Thursday June 4, 2020 0 comments
BOULDER -- Say hello to HAMR-Jr, the little robot -- inspired by insects -- that can do incredible things.
This machine, the brainchild of University of Colorado Boulder engineer Kaushik Jayaram and colleagues at Harvard University, gives a whole new meaning to the word small: HAMR-Jr can just about squeeze onto the surface of a penny and weighs far less than a paperclip.
But don’t let its size fool you. This four-legged robot can also carry up to 10 times its own weight in cargo and hits top speeds that, for its size, are comparable to a cheetah bounding over the Serengeti.
"HAMR-Jr can achieve gaits that approach an animal-like mechanical dexterity, demonstrating that we do not need to compromise design complexity or manufacturability to reduce the size of our robots,” said Jayaram, an assistant professor in the Paul M. Rady Department of Mechanical Engineering.
Jayaram led the design of this little-robot-that-could while he was working as a postdoctoral scholar in Harvard’s Microrobotics Lab led by Professor Robert Wood. (HAMR stands for the Harvard Ambulatory MicroRobot). It’s half the length of its predecessor, HAMR-VI, making it one of the smallest and fastest robots in the world.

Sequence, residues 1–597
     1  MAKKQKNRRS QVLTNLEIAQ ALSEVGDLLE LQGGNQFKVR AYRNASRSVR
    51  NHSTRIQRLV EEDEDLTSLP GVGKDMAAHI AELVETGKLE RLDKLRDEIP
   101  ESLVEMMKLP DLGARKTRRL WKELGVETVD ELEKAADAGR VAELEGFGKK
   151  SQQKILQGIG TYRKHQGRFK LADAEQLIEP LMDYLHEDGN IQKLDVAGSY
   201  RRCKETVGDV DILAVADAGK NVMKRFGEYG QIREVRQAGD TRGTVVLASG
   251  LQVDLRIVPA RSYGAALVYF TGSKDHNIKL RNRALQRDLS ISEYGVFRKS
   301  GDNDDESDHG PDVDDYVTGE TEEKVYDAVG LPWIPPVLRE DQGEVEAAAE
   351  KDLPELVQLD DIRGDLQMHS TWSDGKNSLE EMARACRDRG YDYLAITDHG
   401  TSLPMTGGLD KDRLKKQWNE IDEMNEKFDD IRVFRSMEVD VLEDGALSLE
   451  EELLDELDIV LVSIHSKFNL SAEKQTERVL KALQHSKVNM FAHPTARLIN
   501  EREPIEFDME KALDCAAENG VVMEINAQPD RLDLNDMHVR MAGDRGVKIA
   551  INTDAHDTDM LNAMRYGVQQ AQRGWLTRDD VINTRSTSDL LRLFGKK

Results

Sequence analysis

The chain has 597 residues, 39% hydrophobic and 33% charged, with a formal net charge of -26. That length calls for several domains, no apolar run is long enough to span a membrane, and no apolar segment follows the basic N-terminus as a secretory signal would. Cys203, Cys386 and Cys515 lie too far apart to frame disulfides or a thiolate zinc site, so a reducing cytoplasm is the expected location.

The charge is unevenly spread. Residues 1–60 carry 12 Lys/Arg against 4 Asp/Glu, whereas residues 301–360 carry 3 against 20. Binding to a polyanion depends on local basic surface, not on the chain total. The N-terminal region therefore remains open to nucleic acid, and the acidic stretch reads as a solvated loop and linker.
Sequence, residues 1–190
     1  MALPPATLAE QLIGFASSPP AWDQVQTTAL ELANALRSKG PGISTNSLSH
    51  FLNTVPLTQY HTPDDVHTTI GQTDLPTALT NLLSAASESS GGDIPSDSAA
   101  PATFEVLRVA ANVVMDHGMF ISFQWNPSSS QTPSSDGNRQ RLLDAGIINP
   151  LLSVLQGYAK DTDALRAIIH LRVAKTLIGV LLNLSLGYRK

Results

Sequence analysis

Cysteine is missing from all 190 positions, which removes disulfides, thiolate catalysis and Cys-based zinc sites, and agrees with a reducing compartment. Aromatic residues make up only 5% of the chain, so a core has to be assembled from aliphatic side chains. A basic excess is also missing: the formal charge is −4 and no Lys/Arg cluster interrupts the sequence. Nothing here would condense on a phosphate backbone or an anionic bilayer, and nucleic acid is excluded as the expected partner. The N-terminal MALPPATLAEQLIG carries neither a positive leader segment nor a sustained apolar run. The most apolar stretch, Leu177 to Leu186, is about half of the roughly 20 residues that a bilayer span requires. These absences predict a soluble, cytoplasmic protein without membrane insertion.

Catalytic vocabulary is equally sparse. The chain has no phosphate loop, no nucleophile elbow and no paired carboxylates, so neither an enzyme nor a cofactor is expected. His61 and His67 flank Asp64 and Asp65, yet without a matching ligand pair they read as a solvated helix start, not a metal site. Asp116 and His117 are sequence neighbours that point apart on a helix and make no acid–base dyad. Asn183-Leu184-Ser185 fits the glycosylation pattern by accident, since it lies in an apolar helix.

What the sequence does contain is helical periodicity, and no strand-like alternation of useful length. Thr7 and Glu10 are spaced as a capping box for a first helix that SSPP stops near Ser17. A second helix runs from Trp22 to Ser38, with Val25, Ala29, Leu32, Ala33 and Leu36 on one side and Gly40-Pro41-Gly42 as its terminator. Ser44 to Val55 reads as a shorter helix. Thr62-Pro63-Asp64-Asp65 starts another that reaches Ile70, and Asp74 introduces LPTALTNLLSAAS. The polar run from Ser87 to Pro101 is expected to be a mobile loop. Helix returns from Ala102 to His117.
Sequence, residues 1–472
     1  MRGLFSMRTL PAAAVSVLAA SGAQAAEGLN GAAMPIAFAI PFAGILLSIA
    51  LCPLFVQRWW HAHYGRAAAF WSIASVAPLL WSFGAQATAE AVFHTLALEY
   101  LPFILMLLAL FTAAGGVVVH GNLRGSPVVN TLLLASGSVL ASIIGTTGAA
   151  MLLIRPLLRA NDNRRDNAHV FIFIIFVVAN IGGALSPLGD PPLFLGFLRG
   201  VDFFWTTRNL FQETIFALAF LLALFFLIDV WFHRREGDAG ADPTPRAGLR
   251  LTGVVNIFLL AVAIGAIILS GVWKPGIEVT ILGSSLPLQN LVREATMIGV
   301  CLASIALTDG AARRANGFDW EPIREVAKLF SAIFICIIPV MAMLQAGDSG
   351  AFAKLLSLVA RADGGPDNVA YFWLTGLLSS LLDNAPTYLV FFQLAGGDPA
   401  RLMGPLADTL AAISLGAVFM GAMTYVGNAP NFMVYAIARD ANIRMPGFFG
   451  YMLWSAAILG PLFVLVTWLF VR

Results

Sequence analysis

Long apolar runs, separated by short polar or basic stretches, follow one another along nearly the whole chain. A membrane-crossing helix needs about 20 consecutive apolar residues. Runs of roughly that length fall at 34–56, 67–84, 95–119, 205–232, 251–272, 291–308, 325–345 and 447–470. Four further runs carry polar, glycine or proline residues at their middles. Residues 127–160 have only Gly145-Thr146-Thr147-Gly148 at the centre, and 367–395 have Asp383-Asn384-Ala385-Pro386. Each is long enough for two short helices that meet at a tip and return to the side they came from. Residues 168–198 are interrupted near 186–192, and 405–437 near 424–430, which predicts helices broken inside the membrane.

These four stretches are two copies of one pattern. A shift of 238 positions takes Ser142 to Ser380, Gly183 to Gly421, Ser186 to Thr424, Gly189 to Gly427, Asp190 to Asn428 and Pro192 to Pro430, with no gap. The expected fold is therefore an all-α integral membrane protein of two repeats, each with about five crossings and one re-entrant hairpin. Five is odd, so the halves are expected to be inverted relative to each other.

The engineer has big plans for little robots like it. One day, Jayaram said, machines the size of HAMR-Jr could crawl into airplane engines or other spaces where mechanics can’t reach to conduct needed inspections. They might even perform surgeries on human patients.
“I want to build robots that can get out of the lab and run around like bugs,” he said.
Jayaram will present his group’s results virtually this week at the International Conference on Robotics and Automation (ICRA 2020).
HAMR-Jr was designed to mimic the speed and maneuverability of one insect in particular: the much-maligned cockroach. That brought its own set of engineering challenges.
Take power. Traditional motors won’t work in a robot this size. They overheat when they get too small. So, the Harvard team powered HAMR-Jr using tools called “piezoelectric actuators”— thin materials that bend when you hit them with an electric voltage.
HAMR-Jr may also be one of the most high-tech paper airplanes out there. To make a robot that small, researchers began by using a laser to etch the shape of its body parts into a sheet of carbon fiber composite.
“We make everything in a plane as a two-dimensional structure and fold it up like origami to make the three-dimensional structure,” Jayaram said. “It takes a lot of time looking under a microscope to get it to work.”
Those sore eyes paid off: HAMR-Jr can turn right and left and even scoots backward. It also runs at a pace of nearly 14 of its own body lengths, or about one foot, per second. For comparison, cheetahs, the speed demons of the mammal world, sprint at roughly 16 body lengths per second.
HAMR-Jr is just the beginning, Jayaram added. Engineers could, theoretically, use his team’s same methods to make even more petite robots -- as small as a pencil eraser or smaller.
“We showed that our design and fabrication methodology is scalable,” Jayaram said. “We could shrink everything down or scale it up, and the robot would still work.”
Coauthors on the new study include Harvard researchers Jennifer Shum, Samantha Castellanos, E. Farrell Helbling and Robert Wood.